ONLY A PRIVATE by Margaret Junkin Preston (1820-1897)

Only a private -- and who will care When I may pass away, Or how, or why I perish, or where I mix with the common clay? They will fill my empty place again With another as bold and brave; And they'll blot me out ere the autumn rain Has freshened my nameless grave. Only a private -- it matters not That I did my duty well, That all through a score of battles I fought, And then, like a soldier, I fell. The country I died for will never heed My unrequited claim; And History cannot record the deed, For she never has heard my name. Only a private -- and yet I know When I heard the rallying-call I was one of the very first to go, And . . . I'm one of the many who fall: But as here I lie, it is sweet to feel That my honor's without a stain, -- That I only fought for my country's weal, And not for glory or gain. Only a private -- yet He who reads Through the guises of the heart, Looks not at the splendor of the deeds, But the way we do our part; And when He shall take us by the hand, And our small service own, There'll a glorious band of privates stand As victors around the throne!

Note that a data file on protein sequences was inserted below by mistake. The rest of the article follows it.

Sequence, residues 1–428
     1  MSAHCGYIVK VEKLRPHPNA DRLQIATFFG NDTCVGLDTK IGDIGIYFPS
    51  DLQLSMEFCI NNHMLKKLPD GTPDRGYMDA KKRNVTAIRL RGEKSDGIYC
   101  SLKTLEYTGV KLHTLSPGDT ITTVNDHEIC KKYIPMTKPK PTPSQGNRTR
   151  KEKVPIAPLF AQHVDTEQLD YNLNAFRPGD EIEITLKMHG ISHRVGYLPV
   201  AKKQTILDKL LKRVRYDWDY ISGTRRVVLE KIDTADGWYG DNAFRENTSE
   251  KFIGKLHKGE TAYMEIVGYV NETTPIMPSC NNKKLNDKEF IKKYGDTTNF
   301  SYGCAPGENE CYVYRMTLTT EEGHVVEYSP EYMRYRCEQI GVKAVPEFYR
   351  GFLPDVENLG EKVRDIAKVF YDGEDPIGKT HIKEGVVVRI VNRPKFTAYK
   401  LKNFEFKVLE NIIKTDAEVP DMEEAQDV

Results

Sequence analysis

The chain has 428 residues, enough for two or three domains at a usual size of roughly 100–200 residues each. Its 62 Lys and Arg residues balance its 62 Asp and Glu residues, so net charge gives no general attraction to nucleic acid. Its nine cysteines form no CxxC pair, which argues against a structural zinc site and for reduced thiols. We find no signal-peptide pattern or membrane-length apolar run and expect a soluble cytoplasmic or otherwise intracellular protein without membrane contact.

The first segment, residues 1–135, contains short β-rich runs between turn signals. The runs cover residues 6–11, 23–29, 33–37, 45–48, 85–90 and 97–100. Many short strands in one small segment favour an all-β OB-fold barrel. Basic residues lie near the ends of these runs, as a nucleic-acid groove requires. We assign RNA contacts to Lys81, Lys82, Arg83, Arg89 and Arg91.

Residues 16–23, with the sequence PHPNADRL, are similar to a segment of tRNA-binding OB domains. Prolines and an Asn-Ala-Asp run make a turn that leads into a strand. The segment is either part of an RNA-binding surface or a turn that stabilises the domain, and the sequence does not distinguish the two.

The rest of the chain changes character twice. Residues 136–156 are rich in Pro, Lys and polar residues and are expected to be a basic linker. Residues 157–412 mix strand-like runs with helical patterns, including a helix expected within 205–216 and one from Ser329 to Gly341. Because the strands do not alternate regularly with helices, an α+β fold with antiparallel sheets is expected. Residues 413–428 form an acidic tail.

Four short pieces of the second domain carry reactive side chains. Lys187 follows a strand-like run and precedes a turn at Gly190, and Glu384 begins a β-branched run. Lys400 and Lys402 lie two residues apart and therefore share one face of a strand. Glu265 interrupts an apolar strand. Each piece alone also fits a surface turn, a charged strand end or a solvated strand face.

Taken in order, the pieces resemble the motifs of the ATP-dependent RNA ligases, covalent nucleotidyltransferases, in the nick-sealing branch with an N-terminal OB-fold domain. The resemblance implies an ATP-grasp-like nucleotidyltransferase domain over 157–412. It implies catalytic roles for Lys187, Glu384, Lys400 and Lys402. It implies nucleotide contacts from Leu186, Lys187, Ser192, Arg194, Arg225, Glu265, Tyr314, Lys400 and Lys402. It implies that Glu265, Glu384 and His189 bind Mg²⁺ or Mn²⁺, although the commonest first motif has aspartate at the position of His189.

Soldier Life

This page is
Last modified 18-April-2001